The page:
FYI WIRZ: NASCAR Developmental Road Is a Steep Climb for Many

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FYI WIRZ: NASCAR Developmental Road Is a Steep Climb for Many
Clint Bowyer in the Daytona garage before practice

It’s a gigantic question: How does a young Late Model driver in training make a path to big-time racing when so many hurdles persist?

NASCAR driver Clint Bowyer has come a long way from the short track racing he still enjoys when he gets time. Bowyer had words for aspiring young drivers wanting to break through to the top, but he also points out limitations. 

“Keep digging, win races,” Bowyer said. “Jamie McMurray, Carl Edwards, myself, all three Midwestern guys that are here because of the stepping stones from NASCAR. 
They went to trucks.  I got my break in the ARCA series, then the Nationwide Series, then the Cup Series. 

“There are stepping stones to get you to this level.  They're all a lot harder to reach right now because of the funding.  A guy racing around at a local level with no marketing background, nobody helping him, it's almost virtually impossible.  That's what tough. 

“A lot of doors open because of the opportunities you have along the way, taking advantage of those. But those advantages are few and far between right now.” 

One fortunate prospect, Cody Coughlin, is the son of John and one of four brothers who own and operate JEGS Mail Order.  Just 15 years old, Coughlin is part of a team stepping out of familiar drag racing turf to go circle racing.   

Just having the Coughlin name creates a legacy and a responsibility to keep the popular JEGS banner in front of as many eyes as possible. Cody understands his role.

Cody Coughlin gets advice from crew chief Rich Lushes

In NHRA drag racing, Team JEGS serves a dual purpose of branding and racing.  With a third generation JEGS racer seeking alternate forms of racing, an advertising role takes shape also.     

“It’s for the business,” Coughlin said. “That’s not the reason I chose circle tracks, but it also helps.”   

Cody’s top try has top resources.  For JEGS, the additional exposure is business as usual.  Stock car fans and Late Model racers are a customer base that JEGS marketing seeks.  It’s outside their iconic establishment in the National Hot Rod Association, but it’s not outside their future.

“I’m really excited about it,” Coughlin said. “We got the new CRA JEGS all-stars tour.  We’re going to have a crate engine in it.  We got a lot of good people on our team.  We got Gary and Rich who just came on board.  We got a lot of good people.”  

Crew chief Rich Lushes has recently joined Team JEGS and is confident in Cody and the organization.   

“I worked with bunch of young kids like him,” Lushes said.  “I worked with Landon (Cassill).  I worked with Michael Annette. I’ve worked with so many young kids at that age so I’ve got a little bit of a background of how to deal with them.

“It’s definitely a top notch organization with resources. At this level, this is definitely a top notch team, well funded, well organized.  We’re looking at definite bright future here.  The possibilities are endless.”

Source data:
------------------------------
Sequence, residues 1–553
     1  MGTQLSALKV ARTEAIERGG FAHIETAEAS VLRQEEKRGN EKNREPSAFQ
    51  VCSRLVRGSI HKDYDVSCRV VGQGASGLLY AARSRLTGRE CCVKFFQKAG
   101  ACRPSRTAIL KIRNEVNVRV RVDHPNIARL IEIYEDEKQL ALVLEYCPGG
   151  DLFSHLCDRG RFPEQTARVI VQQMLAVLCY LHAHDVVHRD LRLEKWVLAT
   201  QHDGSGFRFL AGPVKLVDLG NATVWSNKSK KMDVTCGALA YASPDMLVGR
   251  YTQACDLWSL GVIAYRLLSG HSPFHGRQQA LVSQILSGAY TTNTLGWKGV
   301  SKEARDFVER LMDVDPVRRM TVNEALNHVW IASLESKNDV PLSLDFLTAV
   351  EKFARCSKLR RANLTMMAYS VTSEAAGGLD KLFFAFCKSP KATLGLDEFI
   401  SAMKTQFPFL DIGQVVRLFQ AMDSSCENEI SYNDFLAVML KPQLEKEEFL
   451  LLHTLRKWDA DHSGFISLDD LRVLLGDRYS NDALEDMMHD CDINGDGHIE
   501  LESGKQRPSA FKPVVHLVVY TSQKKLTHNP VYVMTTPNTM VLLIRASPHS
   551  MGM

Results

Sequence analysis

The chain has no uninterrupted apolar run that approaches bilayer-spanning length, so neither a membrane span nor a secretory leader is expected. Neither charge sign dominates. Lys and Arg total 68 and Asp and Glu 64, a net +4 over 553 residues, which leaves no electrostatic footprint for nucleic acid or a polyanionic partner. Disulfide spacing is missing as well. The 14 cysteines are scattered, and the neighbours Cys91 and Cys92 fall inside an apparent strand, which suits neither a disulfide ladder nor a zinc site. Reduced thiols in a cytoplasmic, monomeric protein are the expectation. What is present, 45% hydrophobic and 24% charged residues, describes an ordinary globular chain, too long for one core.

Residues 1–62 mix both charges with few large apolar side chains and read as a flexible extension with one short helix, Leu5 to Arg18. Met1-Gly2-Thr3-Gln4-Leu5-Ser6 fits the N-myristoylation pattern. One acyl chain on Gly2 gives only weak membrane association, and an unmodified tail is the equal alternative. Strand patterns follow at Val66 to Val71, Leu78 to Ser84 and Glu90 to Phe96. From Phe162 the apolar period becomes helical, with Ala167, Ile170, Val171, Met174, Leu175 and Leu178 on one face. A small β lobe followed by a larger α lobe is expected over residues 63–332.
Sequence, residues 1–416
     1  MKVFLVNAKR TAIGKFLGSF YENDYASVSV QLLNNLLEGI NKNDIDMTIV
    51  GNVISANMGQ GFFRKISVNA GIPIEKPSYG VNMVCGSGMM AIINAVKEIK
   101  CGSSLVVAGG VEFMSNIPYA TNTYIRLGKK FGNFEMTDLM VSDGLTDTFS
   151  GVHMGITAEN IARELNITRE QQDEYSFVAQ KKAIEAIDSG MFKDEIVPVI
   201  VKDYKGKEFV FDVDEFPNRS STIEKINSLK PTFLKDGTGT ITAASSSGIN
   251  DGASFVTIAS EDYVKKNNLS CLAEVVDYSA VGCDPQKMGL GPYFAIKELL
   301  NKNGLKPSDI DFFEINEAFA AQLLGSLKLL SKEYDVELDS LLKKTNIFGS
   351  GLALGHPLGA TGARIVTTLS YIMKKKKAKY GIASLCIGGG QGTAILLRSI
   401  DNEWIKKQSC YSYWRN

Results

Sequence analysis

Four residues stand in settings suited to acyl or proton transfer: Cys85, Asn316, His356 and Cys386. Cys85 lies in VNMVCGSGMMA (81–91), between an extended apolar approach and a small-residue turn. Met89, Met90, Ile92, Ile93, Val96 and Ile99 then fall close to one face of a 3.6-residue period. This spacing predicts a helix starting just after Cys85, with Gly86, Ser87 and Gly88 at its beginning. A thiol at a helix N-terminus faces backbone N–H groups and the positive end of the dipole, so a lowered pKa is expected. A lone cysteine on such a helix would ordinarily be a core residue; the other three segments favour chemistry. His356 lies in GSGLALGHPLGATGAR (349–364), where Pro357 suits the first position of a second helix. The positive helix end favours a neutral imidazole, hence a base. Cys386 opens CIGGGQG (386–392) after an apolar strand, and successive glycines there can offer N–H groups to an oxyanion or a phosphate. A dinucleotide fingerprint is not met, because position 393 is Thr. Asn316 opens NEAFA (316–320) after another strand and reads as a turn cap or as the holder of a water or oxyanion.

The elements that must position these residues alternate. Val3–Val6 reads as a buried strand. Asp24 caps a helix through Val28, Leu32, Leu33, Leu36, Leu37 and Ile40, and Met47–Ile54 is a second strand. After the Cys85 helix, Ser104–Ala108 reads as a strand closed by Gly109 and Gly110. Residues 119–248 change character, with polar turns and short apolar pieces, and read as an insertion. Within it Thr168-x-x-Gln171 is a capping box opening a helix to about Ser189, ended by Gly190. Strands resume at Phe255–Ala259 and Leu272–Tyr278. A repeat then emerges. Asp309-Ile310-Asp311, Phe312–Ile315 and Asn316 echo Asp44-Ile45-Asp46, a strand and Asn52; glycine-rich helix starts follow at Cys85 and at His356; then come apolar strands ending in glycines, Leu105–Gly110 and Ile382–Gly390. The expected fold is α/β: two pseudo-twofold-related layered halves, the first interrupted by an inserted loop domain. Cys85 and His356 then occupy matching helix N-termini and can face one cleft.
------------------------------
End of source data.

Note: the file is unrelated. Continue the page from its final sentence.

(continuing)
Landon Cassill and Rich Lushes in the New Smyrna Speedway infield

While the Team JEGS Late Model effort was racing in February at New Smyrna Speedway, NASCAR announced that it has lowered the age limit for drivers competing in its regional touring series from 16 to 15.  That change applies to drivers in the K&N Pro Series East and West, Whelen Modified Tour, Whelen Southern Modified Tour and Canadian Tire Series.

That could be good news for this team down the road, but for now it’s all about learning.
A young but experienced NASCAR driver Landon Cassill, 19, has been mentoring the younger Coughlin last year and again this year at New Smyrna.    

“For Cody right now, the toughest thing that he’s going to battle is harnessing the speed.  For him keeping the car in one piece and under control—through doing that he’ll learn all the fundamentals that he needs to know.  It’s just keeping him focused on keeping the car in one piece.

“There’s times that you going to worry about winning and times that you’re not worried about winning.  You’re worried about just keeping it together.”      

Coughlin has met with many NASCAR stars in person and on the phone where good advice flows naturally.  He also has two-time ASA champion Gary St. Amant as coach to steer his skills properly.     

Coughlin sees himself like Jeff Gordon and Tony Stewart making it all the way to NASCAR.

“I’m very optimistic about it,” Coughlin said. “I think that we’ll get there.  I just got to take it one series at a time. You can’t get to NASCAR without doing this stuff and this is a lot of fun."

Jack Roush, owner Roush-Fenway Racing, got his start in drag racing then moved over to NASCAR and knows much about racing and sponsorships. 

“JEGS is a great automotive-based company, more in line with the way at the dawn of the NASCAR half-century.  To start with sponsors were companies that sold cars, sold gas, sold tires, sold oil and other automotive products.  To have a warehouse known for drag racing to jump in, I think shows the commercial value and the marketing appeal of NASCAR.  At the same time it shows that JEGS is a heads-up company.”

Whether Cody Coughlin becomes a NASCAR driver is in the future, but he has the resources and the drive to get there. Perhaps in the commercial world and in the youthful racing world more matchups like JEGS with Cody are possible going forward.   

Until then for Cody and others his age, it’s best to follow Bowyer’s words: “Keep digging, win races.”

FYI WIRZ is the swift presentation of pertinent motorsports topics by Dwight Drum @ Racetake.com. 

Photo credit: Dwight Drum @ Racetake.com

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